Why Self Test

Obesity Risk DNA Test

Home DNA Test Kit for Predisposition to Obesity

1 test per pack

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About Obesity Risk

Predisposition to Obesity

If you find that you put weight on easily, it might be because of your genes. There is a strong hereditary link with propensity to gain weight as your genes affect both your appetite and the way your body reacts when you eat different types of fats. Information about how susceptible you are to weight gain can have long term health benefits. It will encourage you to manage your diet and increase your exercise to reduce the chances of becoming overweight. This will help prevent you developing illnesses normally associated with obesity, such as Diabetes, High Blood Pressure and Cardiovascular problems.

The ‘Fat’ genes

Obesity is a complex disease resulting from a variety of hereditary and environmental factors, and can cause serious health issues. Our DNA test analyses four different genes, FTO, PPARG, APOA5 and FABP2. The first gene, FTO provides information about whether you carry a predisposition toward excess weight and will get a greater benefit from exercise. PPARG shows how your BMI can be affected by taking a diet rich in monounsaturated fats. APOA5 shows how BMI can be affected by a high fat diet. FABP2 shows whether there is predisposition to high levels of blood fats.

Your Body Mass Index (BMI)

Excess weight and obesity have been shown to be a risk factor for many other diseases, including type 2 diabetes and cardiovascular diseases. The BMI (Body Mass Index), which is calculated by dividing your weight by your height is used to assess how healthy your weight is and your risk of developing obesity related diseases. You can calculate your BMI using the NHS Choices BMI Healthy Weight Calculator. A BMI between 25-30 kg/m2 is characterised as overweight and a BMI over 30 kg/m2 as obese. 

The FTO Gene, BMI and Exercise

The Fat Mass and Obesity Associated gene, called FTO is a well described gene that may be linked to excess weight and obesity is found on chromosome 16. The FTO gene is expressed primarily in the brain and it is thought to be linked to appetite and food intake. In our test we look at a specific position in the gene that occurs in two variants, the A-allele and T-allele (rs9939609). The A-allele of the gene produces a protein that does not function and individuals who are carriers of the A-allele in duplicate are shown in a large meta-study as running a 40-60% higher risk of excess weight and obesity. It has also been shown that carriers of this gene variant can reduce the risk of excess weight by up to 30% through physical activity. Therefore, people with this gene variant can, with the help of proper diet and exercise, almost completely eliminate the genetically increased risk of obesity.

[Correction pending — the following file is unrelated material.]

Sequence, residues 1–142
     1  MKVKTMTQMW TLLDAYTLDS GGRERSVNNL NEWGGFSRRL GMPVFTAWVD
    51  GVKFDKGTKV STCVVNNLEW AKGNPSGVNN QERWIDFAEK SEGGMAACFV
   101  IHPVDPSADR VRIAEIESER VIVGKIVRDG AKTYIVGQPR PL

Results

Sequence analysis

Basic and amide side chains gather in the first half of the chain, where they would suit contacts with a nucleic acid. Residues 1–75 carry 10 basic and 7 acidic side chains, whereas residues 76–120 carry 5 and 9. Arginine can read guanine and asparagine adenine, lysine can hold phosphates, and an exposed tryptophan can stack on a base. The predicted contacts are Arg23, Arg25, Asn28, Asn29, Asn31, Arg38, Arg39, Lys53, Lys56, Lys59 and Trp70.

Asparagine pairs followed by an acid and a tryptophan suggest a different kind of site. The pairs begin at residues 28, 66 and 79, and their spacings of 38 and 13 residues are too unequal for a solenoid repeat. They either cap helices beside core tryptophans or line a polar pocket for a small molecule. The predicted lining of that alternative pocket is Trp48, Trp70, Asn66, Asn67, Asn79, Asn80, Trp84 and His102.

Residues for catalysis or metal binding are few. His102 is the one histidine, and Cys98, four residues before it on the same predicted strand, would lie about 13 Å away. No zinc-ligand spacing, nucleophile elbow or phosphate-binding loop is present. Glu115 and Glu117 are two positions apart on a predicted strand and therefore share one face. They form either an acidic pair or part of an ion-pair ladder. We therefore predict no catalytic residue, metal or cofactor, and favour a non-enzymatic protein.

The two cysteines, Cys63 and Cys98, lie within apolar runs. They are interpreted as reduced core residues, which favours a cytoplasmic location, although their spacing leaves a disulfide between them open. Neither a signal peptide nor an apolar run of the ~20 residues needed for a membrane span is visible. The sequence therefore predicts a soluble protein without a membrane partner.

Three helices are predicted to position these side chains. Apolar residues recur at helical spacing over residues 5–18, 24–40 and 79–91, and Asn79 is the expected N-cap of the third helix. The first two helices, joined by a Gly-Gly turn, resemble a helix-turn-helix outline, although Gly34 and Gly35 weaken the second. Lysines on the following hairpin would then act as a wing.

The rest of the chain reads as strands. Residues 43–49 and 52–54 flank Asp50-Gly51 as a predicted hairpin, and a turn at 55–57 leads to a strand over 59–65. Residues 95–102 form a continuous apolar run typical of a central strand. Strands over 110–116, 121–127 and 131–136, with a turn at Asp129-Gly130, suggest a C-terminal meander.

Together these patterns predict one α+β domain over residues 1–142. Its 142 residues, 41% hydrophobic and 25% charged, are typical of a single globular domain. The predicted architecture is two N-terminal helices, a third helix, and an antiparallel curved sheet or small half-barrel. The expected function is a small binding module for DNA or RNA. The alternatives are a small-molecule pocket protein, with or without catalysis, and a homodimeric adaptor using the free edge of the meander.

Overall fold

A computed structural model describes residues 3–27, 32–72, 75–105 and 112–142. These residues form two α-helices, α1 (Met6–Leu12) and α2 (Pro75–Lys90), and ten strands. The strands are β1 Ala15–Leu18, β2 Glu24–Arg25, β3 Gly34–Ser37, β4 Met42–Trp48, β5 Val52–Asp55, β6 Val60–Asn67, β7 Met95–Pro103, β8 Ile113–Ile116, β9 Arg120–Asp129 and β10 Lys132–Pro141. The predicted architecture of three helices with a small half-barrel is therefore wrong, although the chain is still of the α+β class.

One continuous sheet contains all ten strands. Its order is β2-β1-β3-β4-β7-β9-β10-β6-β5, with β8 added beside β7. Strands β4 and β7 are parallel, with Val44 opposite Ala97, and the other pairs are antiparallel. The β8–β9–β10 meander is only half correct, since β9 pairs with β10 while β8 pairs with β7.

The PPARG and APOA5 genes, BMI and Dietary Fat

There are a number of genes that influence how we react to different types of fat in food. In our test, we focus on the PPARG and AOPA5 genes. 

The PPARG gene affects the metabolism of fats and is expressed in your adipose tissue. People with the gene variant (GG) PPARG (rs1801282) tend to have a lower BMI when their diet contains a higher proportion of monounsaturated fat. Monounsaturated fat is found in olive oil, nuts, avocados and chicken. A diet rich in monounsaturated fats is often called the ‘Mediterranean diet’. Individuals with this gene variant can actively reduce their BMI by changing their intake of fats by eat more monounsaturated fats rather than food containing saturated fats.

The APOA5 gene is linked to the regulation of fats and storage of fat in fat cells and so has a role in the development of obesity. In this test we examine the presence of T>C at position 1131 in the gene (rs662799). Studies have shown that people with a particular gene variant (CC) of the APOA5 gene do not have a high BMI even if their diet contains a lot of fat. These people tend to have a reduced BMI with a high fat diet. However, those individuals who do not have this gene variant tend to have an increased BMI and risk of excess weight or obesity with a high-fat diet.

The FABP2 gene, and Blood Lipids

Blood lipids, such as cholesterol are important building blocks in the body, but at high levels they can also be risk factors for cardiovascular diseases. The FABP2 gene (Fatty Acid Binding Protein) encodes for an intracellular protein that affects the amount of fat in the blood and individuals with a particular gene variant of FABP2 gene (rs1799883) may have an increased amount of triglycerides and LDL (bad cholesterol), as well as a reduced amount of HDL (good cholesterol) in their blood. Blood fats are not only controlled by genes, but for individuals with this gene variant it is especially important to think about replacing saturated and trans fats with unsaturated fats to improve the levels of blood lipids.

Genes are one of many factors that affect our BMI and our diets but regardless of which genetic variations you carry it is important to remember that a balanced diet and regular physical activity are important for our health. It is also important to remember that there are individual differences between individuals even if they carry the same gene variations in these genes